Christine Strelan - Between the Covers
Five Mile Press 2007
What makes a particular site scared? Is it a myth about some long-ago saint, the prayers accumulated over the years, or a natural wonder thats so awe-inspiring that our puny little minds find it incomprehensible? Is sacredness a real, definable quality that inhabits these places, or is their perceived holiness all in the minds of those who go there? These are some of the questions addressed by Rebecca Hind in her fascinating book. She examines well-known sites, like the pyramids and Lourdes, and less obvious places, like the extraordinary Thingvellir National Park in Iceland. Her book provides a history of each site, some comments on why it is believed to be holy, and pictures to illustrate her points. Hinds attitude towards the various religions involved is respectful, and she allows herself to be impressed by places, even when she doesnt share their faith.
The ziggurats of Palenque are surrounded by Mexican rainforest, and once hosted rituals concerned with natural cycles and astronomy, as well as the Mayas more infamous sacrifices. Mt Athos in Greece clings to the crags of a rocky peninsula, and can only be reached by boat. The monks here are totally self-sufficient, a hard-working bunch, similar to those at the Monastery of the Transfiguration, on an island in Russia. There are elaborately carved Indian temples, ancient Ethiopian churches cut into stone cliffs, French cave paintings, and Uluru and Bungle Bungle. Its a comprehensive look at the way humans can find a sense of the divine in places and objects. All these sites fulfill some kind of spiritual function, because people keep visiting them, even if its only as atheist Western tourists. Hind encourages her readers to get out there and travel to these places, as a way of promoting understanding between different religions and cultures.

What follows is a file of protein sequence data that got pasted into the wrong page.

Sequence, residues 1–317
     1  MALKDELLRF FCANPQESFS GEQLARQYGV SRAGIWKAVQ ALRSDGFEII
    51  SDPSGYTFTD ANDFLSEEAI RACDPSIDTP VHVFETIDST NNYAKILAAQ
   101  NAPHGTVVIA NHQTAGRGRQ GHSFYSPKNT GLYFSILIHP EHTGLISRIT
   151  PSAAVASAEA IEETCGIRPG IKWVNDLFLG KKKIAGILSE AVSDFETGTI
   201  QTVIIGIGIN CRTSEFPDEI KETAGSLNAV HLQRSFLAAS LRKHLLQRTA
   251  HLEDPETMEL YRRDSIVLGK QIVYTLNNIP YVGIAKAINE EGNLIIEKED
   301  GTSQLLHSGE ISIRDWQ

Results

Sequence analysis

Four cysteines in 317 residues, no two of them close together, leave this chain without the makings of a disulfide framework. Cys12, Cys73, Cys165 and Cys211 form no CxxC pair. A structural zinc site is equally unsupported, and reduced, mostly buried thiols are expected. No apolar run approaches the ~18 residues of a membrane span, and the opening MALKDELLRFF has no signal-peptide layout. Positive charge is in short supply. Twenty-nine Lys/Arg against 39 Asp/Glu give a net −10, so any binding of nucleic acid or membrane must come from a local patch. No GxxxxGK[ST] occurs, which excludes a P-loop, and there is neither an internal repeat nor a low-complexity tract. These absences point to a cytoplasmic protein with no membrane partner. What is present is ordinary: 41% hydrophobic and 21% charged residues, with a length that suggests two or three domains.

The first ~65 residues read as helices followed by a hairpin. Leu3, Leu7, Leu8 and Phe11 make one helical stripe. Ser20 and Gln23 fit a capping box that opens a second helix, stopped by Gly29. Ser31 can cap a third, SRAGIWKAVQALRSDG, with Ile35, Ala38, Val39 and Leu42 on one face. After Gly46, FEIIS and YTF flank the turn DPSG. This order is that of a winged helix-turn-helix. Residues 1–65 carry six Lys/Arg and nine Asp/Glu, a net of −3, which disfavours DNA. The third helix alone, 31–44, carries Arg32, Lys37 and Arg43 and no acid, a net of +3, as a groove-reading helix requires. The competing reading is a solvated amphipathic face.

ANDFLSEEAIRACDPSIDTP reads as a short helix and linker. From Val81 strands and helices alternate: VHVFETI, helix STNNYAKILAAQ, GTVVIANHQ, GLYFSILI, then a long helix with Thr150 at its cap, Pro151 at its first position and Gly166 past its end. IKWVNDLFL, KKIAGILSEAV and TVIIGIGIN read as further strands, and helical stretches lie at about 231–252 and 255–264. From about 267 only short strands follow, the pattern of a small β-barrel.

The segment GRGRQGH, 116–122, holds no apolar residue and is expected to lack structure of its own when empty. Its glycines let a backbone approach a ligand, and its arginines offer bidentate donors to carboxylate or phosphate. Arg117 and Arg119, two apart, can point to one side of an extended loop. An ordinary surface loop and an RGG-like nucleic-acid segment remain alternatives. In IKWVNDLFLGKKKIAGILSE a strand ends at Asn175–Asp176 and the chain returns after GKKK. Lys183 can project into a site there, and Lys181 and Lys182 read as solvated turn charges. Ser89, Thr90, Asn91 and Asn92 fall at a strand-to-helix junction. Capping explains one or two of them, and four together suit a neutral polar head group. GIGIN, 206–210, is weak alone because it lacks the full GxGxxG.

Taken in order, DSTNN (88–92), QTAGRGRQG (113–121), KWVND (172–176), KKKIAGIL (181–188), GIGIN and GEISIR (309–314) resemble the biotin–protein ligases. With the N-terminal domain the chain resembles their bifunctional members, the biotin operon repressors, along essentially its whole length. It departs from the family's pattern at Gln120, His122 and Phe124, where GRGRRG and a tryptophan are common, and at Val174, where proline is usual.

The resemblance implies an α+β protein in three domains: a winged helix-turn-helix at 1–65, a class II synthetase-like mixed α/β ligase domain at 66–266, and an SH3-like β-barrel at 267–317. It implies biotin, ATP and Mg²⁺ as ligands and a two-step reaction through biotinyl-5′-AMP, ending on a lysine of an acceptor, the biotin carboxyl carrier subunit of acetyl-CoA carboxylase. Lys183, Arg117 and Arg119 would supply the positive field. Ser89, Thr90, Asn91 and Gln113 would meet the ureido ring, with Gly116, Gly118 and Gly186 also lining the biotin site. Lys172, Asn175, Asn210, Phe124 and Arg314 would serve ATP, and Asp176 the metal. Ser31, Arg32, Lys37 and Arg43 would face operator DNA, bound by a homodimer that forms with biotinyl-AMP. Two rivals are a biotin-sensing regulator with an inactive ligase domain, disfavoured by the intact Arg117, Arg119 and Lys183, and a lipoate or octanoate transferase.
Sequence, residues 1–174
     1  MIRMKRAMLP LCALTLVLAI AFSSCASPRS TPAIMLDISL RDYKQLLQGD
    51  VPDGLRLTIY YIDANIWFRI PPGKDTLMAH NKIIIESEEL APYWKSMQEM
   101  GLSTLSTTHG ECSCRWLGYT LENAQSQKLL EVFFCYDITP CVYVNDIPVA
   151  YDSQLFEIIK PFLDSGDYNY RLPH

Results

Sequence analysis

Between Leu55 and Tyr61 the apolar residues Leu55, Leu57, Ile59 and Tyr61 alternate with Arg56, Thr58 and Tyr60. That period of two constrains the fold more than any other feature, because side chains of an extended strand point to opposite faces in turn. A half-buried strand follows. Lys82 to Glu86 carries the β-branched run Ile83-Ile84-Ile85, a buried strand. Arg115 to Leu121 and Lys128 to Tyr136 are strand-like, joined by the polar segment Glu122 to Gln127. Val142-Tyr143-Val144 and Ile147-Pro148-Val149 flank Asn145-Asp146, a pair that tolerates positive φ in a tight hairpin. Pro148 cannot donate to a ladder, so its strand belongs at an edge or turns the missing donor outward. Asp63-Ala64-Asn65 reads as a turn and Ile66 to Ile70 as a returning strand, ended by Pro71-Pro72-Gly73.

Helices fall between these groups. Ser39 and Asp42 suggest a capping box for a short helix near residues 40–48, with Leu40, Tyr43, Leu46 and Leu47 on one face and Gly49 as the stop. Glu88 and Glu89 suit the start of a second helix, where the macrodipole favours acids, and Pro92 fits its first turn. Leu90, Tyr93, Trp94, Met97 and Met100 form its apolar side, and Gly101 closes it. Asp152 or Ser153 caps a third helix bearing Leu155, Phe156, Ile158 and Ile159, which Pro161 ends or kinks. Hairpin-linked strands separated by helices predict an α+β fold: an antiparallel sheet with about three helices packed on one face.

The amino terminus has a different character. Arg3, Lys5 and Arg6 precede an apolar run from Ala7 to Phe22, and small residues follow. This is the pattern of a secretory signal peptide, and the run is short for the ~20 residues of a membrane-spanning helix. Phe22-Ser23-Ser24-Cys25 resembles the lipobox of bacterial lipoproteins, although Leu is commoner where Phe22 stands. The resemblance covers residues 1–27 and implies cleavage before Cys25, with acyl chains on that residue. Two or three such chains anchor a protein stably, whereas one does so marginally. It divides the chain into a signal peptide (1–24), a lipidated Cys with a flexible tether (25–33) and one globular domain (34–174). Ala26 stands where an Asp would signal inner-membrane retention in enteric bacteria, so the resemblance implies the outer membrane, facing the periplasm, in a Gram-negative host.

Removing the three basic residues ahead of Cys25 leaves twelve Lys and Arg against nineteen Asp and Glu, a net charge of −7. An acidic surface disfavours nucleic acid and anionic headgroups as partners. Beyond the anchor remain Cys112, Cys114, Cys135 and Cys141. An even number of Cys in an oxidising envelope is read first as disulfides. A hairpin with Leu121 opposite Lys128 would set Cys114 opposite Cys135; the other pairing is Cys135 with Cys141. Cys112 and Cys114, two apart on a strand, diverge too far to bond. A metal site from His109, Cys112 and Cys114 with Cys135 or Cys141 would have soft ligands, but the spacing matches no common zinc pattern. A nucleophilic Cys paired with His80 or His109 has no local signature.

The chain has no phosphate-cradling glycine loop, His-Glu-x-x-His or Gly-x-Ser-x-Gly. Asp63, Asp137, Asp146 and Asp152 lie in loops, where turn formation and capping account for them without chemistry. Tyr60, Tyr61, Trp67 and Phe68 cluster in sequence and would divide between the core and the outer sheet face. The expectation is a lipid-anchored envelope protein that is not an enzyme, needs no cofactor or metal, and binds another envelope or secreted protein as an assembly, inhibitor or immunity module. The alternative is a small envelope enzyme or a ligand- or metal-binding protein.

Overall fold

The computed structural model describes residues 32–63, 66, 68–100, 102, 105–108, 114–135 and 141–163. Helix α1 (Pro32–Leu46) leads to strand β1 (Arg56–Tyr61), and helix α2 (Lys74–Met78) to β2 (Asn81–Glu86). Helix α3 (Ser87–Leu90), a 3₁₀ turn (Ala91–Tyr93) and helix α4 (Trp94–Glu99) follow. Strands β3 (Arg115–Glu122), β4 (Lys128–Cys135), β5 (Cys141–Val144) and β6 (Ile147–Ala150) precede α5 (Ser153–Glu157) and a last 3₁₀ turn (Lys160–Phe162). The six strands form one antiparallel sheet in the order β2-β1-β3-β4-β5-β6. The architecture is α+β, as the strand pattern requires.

Whatever our beliefs, it does us good to feel awe at something outside ourselves. There are some needs the Mall just cant fill, and for those of us restricted to armchair exploration, Hinds book makes a fine substitute. The inclusion of maps wouldve made it even more effective; even powerfully holy places need to be accurately located.
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